Long-lived assets are reviewed for impairment when circumstances indicate the carrying value of an asset may not be recoverable in accordance with FASB ASC Topic 360, Property, Plant and Equipment. For assets that are to be held and used, impairment is recognized when the estimated undiscounted cash flows associated with the asset or group of assets is less than their carrying value. If impairment exists, an adjustment is made to write the asset down to its fair value, and a loss is recorded as the difference between the carrying value and fair value. Fair values are determined based on quoted market values, discounted cash flows or internal and external appraisals, as applicable. Assets to be disposed of are carried at the lower of carrying value or estimated net realizable value. For the years ended September 30, 2022 and 2021 there has not been any impairment of long-lived assets.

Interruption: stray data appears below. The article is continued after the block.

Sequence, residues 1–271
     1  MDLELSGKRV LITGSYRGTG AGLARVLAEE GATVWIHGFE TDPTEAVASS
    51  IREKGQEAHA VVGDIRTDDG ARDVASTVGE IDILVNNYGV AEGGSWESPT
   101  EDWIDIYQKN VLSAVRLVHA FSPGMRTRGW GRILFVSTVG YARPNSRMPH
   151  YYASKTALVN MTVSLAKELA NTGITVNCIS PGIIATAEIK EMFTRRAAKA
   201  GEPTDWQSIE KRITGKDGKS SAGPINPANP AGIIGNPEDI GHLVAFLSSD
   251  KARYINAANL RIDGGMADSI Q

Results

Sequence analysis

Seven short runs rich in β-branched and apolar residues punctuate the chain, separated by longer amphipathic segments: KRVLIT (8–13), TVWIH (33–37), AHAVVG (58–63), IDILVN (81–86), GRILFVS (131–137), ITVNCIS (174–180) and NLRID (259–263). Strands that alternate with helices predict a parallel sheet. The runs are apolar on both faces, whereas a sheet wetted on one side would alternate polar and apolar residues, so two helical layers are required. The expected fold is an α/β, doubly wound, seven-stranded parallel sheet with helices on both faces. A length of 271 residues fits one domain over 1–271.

The Company determines if an arrangement is a lease at its inception. Operating lease right-of-use (“ROU”) assets and liabilities are recognized at commencement date based on the present value of lease payments over the lease term. As our lease does not provide an implicit interest rate, the Company used an incremental borrowing rate based on the information available at commencement date in determining the present value of lease payments. Lease expense for lease payments is recognized on a straight-line basis over the lease term.